Laura Morton, a freelance documentary photographer based in San Francisco, USA, has been announced as the winner of the 2018 Canon Female Photojournalist Award.
The award, which is in its 18th year, provides €8,000 of funding towards a new project, which will be exhibited at the 2019 Visa pour l'Image photojournalism festival.
Previous winners have focused on topics such as female former FARC guerrillas in Colombia, the segregation and oppression of Pashtun women in Pakistan, and military sexual assault survivors in the US. But Laura's winning proposal, University Avenue, is something a little different.
Her new project is named after the road that acts as a fault line between two very different worlds in her home town. "University Avenue begins at the elite Stanford University, runs through the perfectly manicured downtown Palo Alto, past the mansions that tech executives call home, and then crosses Highway 101," she explains.
"After that, though, things immediately look different. The road continues through the heart of East Palo Alto, past small homes, businesses and community organisations and ends at the Bay, right next to the Facebook campus. My goal in documenting the lives of those who live and work along this street is to put a human face on income inequality and to illustrate how one community can be left behind while being surrounded by so much wealth."
The figures on inequality are inescapable: government statistics show that the per capita income in Palo Alto is $77,419 while in East Palo Alto it's just $18,675. "Palo Alto is one of the richest towns in the country," Laura notes. "The CEO of Apple is there, Mark Zuckerberg lives there. But on the other side of the highway, 18% of the population is living below the poverty line."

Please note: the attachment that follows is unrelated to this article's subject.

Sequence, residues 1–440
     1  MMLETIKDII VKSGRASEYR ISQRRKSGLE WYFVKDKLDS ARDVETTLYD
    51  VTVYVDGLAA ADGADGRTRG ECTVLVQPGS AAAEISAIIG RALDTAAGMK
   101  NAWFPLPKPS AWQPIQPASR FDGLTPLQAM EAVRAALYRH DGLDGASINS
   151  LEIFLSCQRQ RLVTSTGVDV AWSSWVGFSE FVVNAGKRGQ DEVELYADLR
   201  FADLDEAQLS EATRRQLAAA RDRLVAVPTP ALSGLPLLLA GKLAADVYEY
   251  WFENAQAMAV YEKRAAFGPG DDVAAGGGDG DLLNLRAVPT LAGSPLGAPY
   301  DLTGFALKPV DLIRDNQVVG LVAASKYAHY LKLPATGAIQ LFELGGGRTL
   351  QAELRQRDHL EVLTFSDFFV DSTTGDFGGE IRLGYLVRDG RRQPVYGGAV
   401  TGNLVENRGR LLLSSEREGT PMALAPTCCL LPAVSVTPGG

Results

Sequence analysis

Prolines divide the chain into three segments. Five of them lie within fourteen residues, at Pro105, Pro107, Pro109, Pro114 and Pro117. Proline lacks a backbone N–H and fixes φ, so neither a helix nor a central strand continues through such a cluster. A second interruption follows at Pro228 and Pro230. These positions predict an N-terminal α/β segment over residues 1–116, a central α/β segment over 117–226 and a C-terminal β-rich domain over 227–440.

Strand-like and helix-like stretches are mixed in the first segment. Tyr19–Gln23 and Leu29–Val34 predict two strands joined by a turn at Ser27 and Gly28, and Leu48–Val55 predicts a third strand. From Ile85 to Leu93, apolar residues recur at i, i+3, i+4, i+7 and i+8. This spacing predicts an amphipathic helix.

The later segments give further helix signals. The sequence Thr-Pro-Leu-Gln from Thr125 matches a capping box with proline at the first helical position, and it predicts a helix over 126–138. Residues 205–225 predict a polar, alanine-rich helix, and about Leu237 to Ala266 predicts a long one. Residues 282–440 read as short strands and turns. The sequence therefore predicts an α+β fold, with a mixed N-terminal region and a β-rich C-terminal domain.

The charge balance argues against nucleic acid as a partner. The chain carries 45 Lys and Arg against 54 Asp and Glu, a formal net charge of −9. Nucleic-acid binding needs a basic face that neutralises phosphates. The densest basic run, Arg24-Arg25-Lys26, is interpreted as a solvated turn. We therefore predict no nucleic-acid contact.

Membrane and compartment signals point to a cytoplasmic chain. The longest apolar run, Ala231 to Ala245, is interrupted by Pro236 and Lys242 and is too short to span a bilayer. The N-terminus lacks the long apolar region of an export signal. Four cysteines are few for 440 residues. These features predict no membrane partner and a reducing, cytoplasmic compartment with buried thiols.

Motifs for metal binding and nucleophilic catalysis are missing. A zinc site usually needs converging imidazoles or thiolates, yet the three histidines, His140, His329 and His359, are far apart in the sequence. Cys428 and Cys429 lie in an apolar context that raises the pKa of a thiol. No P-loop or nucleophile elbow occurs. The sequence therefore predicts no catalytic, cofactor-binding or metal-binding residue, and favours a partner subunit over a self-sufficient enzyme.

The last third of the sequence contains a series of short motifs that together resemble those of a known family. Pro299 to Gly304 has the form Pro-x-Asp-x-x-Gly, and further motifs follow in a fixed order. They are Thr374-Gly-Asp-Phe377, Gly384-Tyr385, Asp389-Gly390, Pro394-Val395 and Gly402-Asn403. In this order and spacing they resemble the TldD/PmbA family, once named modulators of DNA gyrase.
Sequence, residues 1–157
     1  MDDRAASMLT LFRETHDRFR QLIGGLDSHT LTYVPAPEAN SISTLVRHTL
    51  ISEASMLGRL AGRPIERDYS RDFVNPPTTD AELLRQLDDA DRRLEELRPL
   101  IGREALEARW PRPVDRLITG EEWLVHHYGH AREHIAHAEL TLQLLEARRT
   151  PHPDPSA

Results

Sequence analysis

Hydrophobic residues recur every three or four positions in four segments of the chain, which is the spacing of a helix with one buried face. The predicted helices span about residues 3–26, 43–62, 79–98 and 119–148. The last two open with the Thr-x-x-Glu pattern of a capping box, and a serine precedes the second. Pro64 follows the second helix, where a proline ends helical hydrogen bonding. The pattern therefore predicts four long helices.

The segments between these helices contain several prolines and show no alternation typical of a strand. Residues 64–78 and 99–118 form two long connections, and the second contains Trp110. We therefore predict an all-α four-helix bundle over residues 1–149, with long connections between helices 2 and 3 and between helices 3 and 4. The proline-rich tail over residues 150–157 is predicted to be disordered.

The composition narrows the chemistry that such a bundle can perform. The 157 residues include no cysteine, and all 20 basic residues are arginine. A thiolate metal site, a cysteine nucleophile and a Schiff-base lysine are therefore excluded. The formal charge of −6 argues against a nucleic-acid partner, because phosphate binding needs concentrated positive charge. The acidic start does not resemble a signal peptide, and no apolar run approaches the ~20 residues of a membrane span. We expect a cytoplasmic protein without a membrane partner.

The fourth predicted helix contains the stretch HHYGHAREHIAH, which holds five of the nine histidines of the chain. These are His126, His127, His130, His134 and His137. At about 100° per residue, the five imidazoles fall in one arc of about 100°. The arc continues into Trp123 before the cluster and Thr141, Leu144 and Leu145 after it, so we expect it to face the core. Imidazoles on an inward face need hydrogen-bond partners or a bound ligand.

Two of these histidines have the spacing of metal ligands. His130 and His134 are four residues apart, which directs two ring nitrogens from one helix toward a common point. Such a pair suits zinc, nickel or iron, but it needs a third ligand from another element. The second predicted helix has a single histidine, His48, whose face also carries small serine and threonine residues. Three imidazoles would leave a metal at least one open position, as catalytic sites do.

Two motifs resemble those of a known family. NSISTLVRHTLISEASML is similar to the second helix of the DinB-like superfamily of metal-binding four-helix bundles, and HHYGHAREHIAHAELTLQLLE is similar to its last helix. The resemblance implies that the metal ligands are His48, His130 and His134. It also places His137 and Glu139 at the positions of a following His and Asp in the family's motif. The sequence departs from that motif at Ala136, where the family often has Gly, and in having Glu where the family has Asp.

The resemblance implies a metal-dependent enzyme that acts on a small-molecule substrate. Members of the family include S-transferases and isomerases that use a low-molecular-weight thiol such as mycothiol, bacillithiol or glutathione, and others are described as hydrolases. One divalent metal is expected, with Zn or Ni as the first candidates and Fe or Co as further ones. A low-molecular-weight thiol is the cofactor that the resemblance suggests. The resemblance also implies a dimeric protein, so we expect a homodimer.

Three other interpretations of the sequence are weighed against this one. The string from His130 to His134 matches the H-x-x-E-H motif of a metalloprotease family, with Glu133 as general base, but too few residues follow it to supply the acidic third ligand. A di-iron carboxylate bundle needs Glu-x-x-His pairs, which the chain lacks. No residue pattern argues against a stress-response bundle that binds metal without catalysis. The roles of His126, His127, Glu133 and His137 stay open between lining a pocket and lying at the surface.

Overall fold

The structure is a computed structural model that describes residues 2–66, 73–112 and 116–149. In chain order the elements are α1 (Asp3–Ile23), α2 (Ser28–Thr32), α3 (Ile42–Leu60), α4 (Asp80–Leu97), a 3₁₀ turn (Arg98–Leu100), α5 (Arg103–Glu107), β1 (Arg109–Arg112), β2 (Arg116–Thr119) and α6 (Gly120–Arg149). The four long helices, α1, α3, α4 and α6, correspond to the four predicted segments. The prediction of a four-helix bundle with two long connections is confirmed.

"I got the idea one day when I was driving on Highway 101, coming back from Silicon Valley," recalls Laura. "There's a sign announcing the exit for University Avenue that says Palo Alto one way, East Palo Alto the other way. These two towns right next to each other have vastly different economic realities, and I realised this would be a good way to highlight this income divide concisely."
The new project marks a natural progression from Laura's previous series, the award-winning Wild West Tech, funded by a grant from the Magnum Foundation, which explored the tech industry culture in San Francisco and Silicon Valley.
"That project was aimed at documenting what I saw as a modern-day gold rush," says Laura.
"People were coming from all around the world with an idea but no money, living the dream for a couple of months, and then flaming out. For example, I photographed some guys who were couch surfing the whole summer while they were working on their app. One night, they had to sleep in their co-working office because they didn't have money for anywhere else. I felt that side of things was being overlooked by the media and needed to be documented, as an important moment in the history of this boom-bust town."
Laura sees this not just as a local issue, but a pressing national one. "In America, the gap between rich and poor is the largest since the Roaring Twenties," she says. "Since the 1970s, inequality has been growing and it's estimated the top 1% now controls almost as much of the nation's wealth as the bottom 90%."
Laura is grateful for the prize that will enable her to bring this important issue to light. "More subtle stories, as economic issues often are, often take immense amounts of research and time in the field to tell properly," she points out. "So I'm very thankful to Canon for sponsoring this award, which will give me the opportunity to dive in and give this project the time it needs."